Laune stopped his car as quickly as he could and went into the house of Mrs. Carter when the child was taken in. He said then that he would remain in Fulton for a day, but shortly afterward he decided to continue his journey and drove away.
           Laune talked with Ben Renner, one of the owners of the garage. He said he wad been working as an automobile mechanic in Arizona, and that work having become slack there, he was returning to his family in New York City. He spoke with a foreign accent. Mr. Renner thinks he was driving an old Pierce-Arrow car. The machine had been converted into a semi- truck by the removal of the rear seat and the substitution of a small truck body for it. The car was heavily loaded with boxes that were covered with canvas. Laune was driving by himself.
           Funeral services for the child were held at the home Sunday afternoon at 4:30 o'clock by the Rev. R.C. Holliday, of the Methodist church, assisted by the Rev. W. Garnet Alcorn, of the Christian church. Burial was in Hillcrest cemetery.
           Besides her parents, the little girl is survived by one sister, Margaret, and one brother, D.W., Jr. she was an active, bright little girl and was a general favorite in a neighborhood where there are many children. Great sympathy is felt in the city for all who are bereaved by her tragic death.

On the 1930 Fulton, Callaway Co, Missouri, census, they lived on Ninth Street, owned the house, valued at $6,000. They have a radio. Dolor is listed as 58 years old, married at age 36. He is an attorney in private practice. Jo is listed as the organist at the Methodist Church.

Carter home on 10th Street in Fulton, where Jo Carter grew up. Fulton High School was later built on the land. This is the house on Ninth Street in Fulton Missouri, where Dolor and Jo lived, and my father grew up.

The house on Ninth Street in Fulton Missouri has been placed on the National Register of Historic Places and is currently (2006) being restored to it's original condition.

Dolor Washington Herring died January 6, 1937. He is buried in Hillcrest Cemetery, Fulton, Callaway Co. Missouri.

obit - Fulton Daily Sun-Gazette January 9, 1937 (front page story)
Judge D. W. Herring Died on Wednesday
Native Callawegian Passed Away at Callaway Hospital After Short Illness.
Funeral On Friday
A Justice of Peace Here for Long Time - Also Surved As Special Judge.
Judge D.W. Herring, 65 years old, a native of Callaway county, died at 6:15 o'clock Wednesday evening at the Callaway Hospital, where he had been ill since Monday noon from ureamic poisoning. He had been in failing health several years but was able to be at his office down town as late as Saturday of last week.
     A funeral service will be conducted at the home at 207 East Ninth Street at 2:30 o'clock Friday afternoon by the Rev. Dr. W. Garnet Alcorn, pastor of the First Christian Church, assisted by the Rev. Dr. C.E. Ruyle, pastor of the Court Street Methodist Church, and burial will be in Hillcrest cemetery.
     Dolor W. Herring was born December 19, 1871, on a farm in the Herring school community, eight miles south of Fulton, the son of George Washington and Josephine Allen Herring. He was educated in the county schools and then attended Kirksville Normal at Kirksville. Afterward he taught in Callaway and later in Texas county.
     About the time he was teaching in the county, he started a newspaper at Tebbetts, known as the Tebbetts Post, and conducted this a number of years. Afterward he received a government appointment and was employed in the U.S. grain exchange at St. Louis. During that time he also studied law. Later he read law under the late Judge N.D. Thurmond of Fulton.
     He served several terms as police judge in Fulton and a number of terms as justice of the peace here. On several occasions he was named special judge in the Callaway Circuit Court, the last time following the death of Judge Collier.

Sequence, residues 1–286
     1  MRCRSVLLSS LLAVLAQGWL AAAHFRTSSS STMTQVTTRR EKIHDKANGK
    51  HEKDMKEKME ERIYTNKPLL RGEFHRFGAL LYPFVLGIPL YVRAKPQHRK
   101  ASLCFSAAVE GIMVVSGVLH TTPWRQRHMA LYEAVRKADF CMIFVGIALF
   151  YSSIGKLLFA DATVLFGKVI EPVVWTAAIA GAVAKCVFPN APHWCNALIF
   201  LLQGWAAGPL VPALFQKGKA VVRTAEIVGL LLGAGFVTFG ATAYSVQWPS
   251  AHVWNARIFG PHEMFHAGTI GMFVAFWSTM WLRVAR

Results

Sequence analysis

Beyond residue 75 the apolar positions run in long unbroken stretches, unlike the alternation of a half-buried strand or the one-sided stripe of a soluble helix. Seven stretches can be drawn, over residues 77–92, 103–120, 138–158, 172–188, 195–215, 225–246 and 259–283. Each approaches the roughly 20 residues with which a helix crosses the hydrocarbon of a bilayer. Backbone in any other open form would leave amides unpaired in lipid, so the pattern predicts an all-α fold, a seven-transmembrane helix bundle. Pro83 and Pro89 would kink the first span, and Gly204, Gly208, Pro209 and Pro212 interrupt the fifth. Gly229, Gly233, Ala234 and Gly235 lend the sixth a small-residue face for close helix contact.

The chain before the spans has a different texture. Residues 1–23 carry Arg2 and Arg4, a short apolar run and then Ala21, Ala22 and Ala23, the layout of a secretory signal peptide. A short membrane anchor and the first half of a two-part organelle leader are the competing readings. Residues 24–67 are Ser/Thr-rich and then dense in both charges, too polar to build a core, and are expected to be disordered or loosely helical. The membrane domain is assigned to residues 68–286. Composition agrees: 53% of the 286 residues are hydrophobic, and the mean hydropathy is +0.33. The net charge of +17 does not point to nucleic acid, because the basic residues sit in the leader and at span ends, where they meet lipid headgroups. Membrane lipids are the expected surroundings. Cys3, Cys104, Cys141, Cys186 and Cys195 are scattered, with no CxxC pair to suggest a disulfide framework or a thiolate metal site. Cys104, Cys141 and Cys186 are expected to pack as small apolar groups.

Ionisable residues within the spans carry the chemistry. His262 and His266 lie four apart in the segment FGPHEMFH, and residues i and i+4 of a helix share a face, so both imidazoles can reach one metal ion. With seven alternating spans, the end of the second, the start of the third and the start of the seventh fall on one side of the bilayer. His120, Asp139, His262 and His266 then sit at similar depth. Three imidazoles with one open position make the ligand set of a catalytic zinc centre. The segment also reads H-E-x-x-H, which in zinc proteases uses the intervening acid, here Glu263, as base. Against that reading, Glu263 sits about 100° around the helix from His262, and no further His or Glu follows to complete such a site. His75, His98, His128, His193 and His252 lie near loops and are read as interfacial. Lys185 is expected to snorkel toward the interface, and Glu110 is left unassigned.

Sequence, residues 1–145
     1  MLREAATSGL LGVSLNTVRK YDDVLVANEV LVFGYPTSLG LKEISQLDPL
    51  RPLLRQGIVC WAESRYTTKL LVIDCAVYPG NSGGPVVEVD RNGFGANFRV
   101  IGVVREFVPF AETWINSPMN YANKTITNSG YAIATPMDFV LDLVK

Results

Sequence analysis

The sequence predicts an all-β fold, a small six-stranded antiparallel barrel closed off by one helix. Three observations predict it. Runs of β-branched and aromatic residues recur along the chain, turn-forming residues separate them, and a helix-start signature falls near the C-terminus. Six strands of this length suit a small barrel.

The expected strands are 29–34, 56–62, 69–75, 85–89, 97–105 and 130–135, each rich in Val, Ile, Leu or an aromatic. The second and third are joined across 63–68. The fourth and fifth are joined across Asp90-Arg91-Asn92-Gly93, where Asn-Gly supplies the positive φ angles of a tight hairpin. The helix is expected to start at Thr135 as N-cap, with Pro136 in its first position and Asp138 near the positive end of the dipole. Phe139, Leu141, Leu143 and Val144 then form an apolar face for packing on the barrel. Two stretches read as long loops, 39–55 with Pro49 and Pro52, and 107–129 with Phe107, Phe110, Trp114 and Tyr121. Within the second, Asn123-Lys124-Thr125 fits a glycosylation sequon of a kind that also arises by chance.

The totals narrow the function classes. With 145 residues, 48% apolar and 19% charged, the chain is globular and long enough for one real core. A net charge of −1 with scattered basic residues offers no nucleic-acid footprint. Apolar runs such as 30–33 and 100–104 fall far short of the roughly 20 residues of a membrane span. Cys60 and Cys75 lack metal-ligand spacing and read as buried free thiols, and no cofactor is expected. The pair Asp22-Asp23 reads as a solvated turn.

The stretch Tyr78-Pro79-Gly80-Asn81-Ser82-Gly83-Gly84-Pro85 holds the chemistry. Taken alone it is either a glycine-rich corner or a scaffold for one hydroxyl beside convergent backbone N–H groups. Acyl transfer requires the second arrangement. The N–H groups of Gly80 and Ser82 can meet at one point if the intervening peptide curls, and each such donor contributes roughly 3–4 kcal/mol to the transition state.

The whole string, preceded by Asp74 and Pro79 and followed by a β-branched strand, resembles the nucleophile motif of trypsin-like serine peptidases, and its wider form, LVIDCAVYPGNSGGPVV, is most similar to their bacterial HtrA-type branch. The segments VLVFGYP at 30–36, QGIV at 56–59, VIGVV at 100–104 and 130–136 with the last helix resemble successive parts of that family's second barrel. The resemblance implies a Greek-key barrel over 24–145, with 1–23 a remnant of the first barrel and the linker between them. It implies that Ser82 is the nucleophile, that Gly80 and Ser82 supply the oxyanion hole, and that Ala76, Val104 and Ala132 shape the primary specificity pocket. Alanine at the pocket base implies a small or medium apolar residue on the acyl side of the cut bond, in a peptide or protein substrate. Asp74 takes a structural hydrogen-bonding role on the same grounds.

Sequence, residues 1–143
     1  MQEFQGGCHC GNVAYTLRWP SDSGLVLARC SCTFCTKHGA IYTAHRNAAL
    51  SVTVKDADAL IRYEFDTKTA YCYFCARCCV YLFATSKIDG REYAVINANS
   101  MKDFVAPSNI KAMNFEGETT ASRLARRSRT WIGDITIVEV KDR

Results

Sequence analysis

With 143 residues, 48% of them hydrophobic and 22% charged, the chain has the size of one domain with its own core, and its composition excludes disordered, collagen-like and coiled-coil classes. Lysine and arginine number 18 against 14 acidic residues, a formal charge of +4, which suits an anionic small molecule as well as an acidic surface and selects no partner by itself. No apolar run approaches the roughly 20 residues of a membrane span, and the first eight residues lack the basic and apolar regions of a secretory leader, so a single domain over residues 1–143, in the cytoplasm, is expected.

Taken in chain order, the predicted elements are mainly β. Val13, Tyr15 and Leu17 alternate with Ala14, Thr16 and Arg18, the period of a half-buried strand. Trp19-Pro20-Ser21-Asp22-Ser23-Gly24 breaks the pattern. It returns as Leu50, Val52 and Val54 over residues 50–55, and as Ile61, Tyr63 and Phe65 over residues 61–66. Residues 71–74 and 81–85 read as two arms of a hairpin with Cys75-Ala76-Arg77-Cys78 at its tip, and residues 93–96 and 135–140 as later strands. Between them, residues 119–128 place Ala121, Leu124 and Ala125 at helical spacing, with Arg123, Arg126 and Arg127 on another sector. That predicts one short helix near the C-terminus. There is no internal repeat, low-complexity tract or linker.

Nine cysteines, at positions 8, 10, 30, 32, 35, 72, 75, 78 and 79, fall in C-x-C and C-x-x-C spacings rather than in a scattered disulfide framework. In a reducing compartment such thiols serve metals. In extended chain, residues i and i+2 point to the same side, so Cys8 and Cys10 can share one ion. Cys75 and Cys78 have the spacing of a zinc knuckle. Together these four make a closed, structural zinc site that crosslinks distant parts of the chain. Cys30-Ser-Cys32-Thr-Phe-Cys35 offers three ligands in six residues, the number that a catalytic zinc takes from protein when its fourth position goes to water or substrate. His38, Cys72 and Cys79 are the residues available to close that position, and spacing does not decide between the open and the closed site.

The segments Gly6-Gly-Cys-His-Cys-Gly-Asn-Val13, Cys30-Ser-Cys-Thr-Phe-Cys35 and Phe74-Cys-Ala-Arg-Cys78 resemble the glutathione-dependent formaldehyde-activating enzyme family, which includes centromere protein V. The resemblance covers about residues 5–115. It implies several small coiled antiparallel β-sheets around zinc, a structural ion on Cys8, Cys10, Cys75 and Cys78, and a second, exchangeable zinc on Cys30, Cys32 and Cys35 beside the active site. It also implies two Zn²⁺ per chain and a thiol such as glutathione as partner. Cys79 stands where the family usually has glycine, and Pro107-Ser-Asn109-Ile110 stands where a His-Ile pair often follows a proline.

He was married June 24, 1909 to Miss Josaphine      Carter of Fulton who survives, together with one son, David W. Herring. Two other children preceded him in death - Margaret, passing away January 18, 1936, and Josephine, who was fatally injured by an automobile, dying October 21, 1922. He is also survived by seven brothers, C.B. (Bob) Herring, Fulton; Grober C. Herring, Melbourne, Fla., J. Brent Herring, Minneapolis; Jack Herring, Fulton; Norman Herring, Kansas City, Herbert V. Herring, Kansas City; Woodson Herrig, Craig, Colo.; and two sisters, Mrs. Myrtle McCormick, Kansas City and Mrs. Scott Waters, Fulton. One brother and one sister preceded him in death.
     Judge Herring was a member of the First Christian Church. Friends of the family extend sincere sympathy.

Jo Carter Herring was very active in the Methodist Church in Fulton. She was the organist there for many many years. My primary memories of my grandmother were of visiting her a couple of times every year and playing with my brother in that big house. We always went to church with her when we visited. I also remember the times she would come on the train to stay at our house in Illinois. My grandmother was a very tall lady, and she always told me to stand up straight and be proud of being tall. She was very old fashioned, she wore lovely old antique broaches all the time. She used to teach me little poems and songs that were from her childhood. I was ten years old when she died.

Josephine Carter Herring died October 2, 1961, Fulton, Callaway Co. Missouri. She is buried in Hillcrest Cemetery, Fulton, Callaway Co. Missouri.

obit - Fulton Daily Sun - Gazette October 3, 1961
Rites Wednesday for Mrs. Herring, Dies at Hospital
     Mrs. D. W. Herring, 207 East Ninth Street, died yesterday afternoon at 2:30 p.m. at the Callaway Hospital where she had been a patient for about a week.
     Funeral services will be held Wednesday morning at 10:30 a.m. at the Maupin Funeral Home with the Rev. Ted Mallinckrodt officiating. Internment will be in the Hillcrest Cemetery. The body will lie in state until time for the services.
     Mrs. Herring was born in Fulton on October 15, 1881, the daughter of John R. and Margaret Carter. She attended Fulton public schools and is a graduate of William Woods College.
     She was married to D. W. Herring, also of Fulton. He preceeded her in death in 1937.
     She was a member of the Court Street Methodist Church, joining in girlhood, and was church orgnist for more than 35 years. She was also an active member of the Fulton Garden Club.
      Survivors include one son, David W. of Robinson, Illinois, and two grandchildren, John Carson Herring and Mary Jo Herring, both of Robinson. a niece, Mrs. Maureen Meyers of Fulton survives, along with serveral other nieces and nephews.
     Two children, Josephine Herring and Margaret Herring, preceeded her in death.

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This page updated 12:57 PM 1/18/2008